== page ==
This column first appeared in the Fall 2010 issue of Nieman Reports.
The e-mail message from Hollman Morris was unexpected. It was “urgent,” he said. “Please call im- mediately on Skype.”
I reached him and his brother, Juan Pablo, in Bogota. His image on the computer screen revealed a stricken man at pains to say that he had just been told by the United States Embassy in Bogota that it had denied his application for a visa to travel to Cambridge for his Nieman Fellowship.
Hollman said the denial was based on accusations by the Colombian government linking him to the leftist guerrilla group FARC. His probing television reports had disclosed abuses by the country’s intelligence agency, angering the Colombian government. Particularly, he said, his travel to southern Colombia to interview senior FARC leaders for a documentary on kidnappings had raised suspicions.
He shared his fears that these serious allegations would endanger his life. As I said goodbye, I repeated our assurance that the Nieman Foundation would do all it could to reverse the U.S. State Department’s decision. At that moment, on June 18, it seemed like an empty promise.
What a paradox. The government of the United States, with its longstanding commitment to press freedom worldwide, was turning away a journalist whose ground-breaking work had exposed him to persecution by his own government and the grave possibility of personal violence. Colombian officials have accused Morris of being “close to the guerrillas” and “an accomplice of terrorism,” but the State Department’s denial made little sense against its own history of granting him visas to enter the U.S. to accept awards and make speeches. Could this decision be an unintended consequence of our national obsession with terrorism?
The task of trying to reverse the decision seemed daunting. I turned first to the Committee to Protect Journalists whose mission it is to protect journalists worldwide. Joel Simon, the executive director, knows Hollman and the prominence of his work and moved quickly to build a coalition that would explore how to undo the decision. In a series of conference calls, we decided first to gather as much information as we could and to quietly reach out to sources in the State Department and in Congress.
I called Scott Renner at the U.S. Embassy in Bogota to ask for a clarification of the reasons for the visa denial. He said that Hollman was ineligible for a visa under a provision of the Immigration and Nationality Act covering “terrorist activities.” He said the denial was permanent and that the federal Privacy Act restricted him from saying more.
With guidance from Harvard’s general counsel, I wrote to the State Department’s office of consular affairs with details of Hollman’s exemplary work as a journalist and asked for a review of his case for a visa. The story became public on July 9 in a dispatch from Frank Bajak, The Associated Press’s bureau chief in Bogota. Juan Forero followed the next day with a piece in The Washington Post. I was asked to write an op-ed for the Los Angeles Times, and soon news spread widely via Twitter and Facebook.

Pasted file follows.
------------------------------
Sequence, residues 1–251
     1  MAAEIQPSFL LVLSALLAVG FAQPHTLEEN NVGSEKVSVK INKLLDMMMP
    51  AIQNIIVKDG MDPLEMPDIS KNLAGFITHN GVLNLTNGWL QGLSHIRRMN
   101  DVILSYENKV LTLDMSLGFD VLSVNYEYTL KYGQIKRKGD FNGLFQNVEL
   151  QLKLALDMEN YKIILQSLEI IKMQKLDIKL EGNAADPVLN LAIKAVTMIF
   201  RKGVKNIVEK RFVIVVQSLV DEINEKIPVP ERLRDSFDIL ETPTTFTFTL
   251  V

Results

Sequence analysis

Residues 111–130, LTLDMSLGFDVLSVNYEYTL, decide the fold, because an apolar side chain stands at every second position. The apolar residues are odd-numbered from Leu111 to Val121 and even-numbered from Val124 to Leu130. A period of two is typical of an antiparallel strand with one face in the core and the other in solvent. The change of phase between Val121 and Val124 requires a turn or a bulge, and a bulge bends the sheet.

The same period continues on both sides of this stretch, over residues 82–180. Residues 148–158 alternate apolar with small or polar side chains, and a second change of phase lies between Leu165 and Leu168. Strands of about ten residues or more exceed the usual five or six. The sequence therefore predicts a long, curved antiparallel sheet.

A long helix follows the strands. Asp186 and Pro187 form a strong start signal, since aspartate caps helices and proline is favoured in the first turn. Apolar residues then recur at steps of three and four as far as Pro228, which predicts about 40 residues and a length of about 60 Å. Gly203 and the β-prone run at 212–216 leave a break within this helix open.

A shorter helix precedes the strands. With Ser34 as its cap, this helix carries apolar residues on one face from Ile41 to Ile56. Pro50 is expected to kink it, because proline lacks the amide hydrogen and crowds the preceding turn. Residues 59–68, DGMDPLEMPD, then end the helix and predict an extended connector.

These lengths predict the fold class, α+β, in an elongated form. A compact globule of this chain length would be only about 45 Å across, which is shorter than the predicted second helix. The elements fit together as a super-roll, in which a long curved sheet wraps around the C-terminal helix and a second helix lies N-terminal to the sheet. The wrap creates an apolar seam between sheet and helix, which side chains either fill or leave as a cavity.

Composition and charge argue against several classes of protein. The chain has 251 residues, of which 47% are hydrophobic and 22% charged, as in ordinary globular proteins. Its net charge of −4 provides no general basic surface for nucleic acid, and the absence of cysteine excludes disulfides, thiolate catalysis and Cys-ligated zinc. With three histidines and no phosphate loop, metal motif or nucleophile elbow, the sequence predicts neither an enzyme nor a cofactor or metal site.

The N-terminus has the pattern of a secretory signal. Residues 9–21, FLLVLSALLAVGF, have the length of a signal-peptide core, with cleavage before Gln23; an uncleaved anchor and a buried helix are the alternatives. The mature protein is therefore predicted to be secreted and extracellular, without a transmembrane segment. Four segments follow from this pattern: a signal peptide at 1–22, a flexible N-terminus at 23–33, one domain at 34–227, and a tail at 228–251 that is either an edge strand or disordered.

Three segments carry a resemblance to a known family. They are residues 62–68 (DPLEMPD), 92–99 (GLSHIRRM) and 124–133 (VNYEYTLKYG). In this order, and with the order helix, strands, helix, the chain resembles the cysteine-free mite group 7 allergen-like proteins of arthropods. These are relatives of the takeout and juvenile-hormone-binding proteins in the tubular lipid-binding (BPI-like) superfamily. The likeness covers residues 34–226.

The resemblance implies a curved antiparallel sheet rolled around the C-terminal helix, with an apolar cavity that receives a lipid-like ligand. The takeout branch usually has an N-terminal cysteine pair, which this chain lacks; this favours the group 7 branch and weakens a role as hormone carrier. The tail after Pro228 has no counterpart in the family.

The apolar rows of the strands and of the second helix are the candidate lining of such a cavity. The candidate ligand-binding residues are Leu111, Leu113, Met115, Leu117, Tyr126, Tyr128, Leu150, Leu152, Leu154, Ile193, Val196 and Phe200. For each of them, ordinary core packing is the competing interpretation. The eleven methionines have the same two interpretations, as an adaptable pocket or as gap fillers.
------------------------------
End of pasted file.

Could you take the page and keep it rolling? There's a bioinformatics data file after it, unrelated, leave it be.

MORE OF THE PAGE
Stories, columns and editorials followed. Thoughtful, persuasive letters to the State Department, the White House, and Alvaro Uribe, then president of Colombia, were written by Human Rights Watch, Committee to Protect Journalists, John S. and James L. Knight Foundation, Inter-American Commission on Human Rights, Organization of American States, American Civil Liberties Union, International Federation of Journalists, Dart Center for Journalism and Trauma, National Association of Hispanic Journalists, International Press Institute, North American Congress on Latin America, the journalism school faculty at the University of Texas, and other organizations.
Nieman Fellows wrote to express outrage and ask what they might do. I called on members of the Nieman class of 1988 to contact their classmate, Juan Manuel Santos, who was to become president of Colombia on August 7.
As efforts continued, documents were disclosed revealing that the Colombian intelligence agency had conducted a systematic campaign to discredit and harass Hollman.
A number of separate back channel contacts reaching into the White House and the highest levels of the State Department gave us hope that the visa decision might be reconsidered. As a security measure, Hollman took his family to Spain where, on July 22, he sent an e-mail saying, “There is good news that I hope to share with you in full detail as soon as I return to my country and have a new conversation with the consulate.”
A week later Hollman called with a joy in his voice to say that he and his family had their visas and would join his Nieman classmates. Over and over, he said how happy he felt and thankful he was to have friends and colleagues who supported him. Overcoming the improbable odds of persuading the State Department to change its mind was made possible by an inspiring community effort.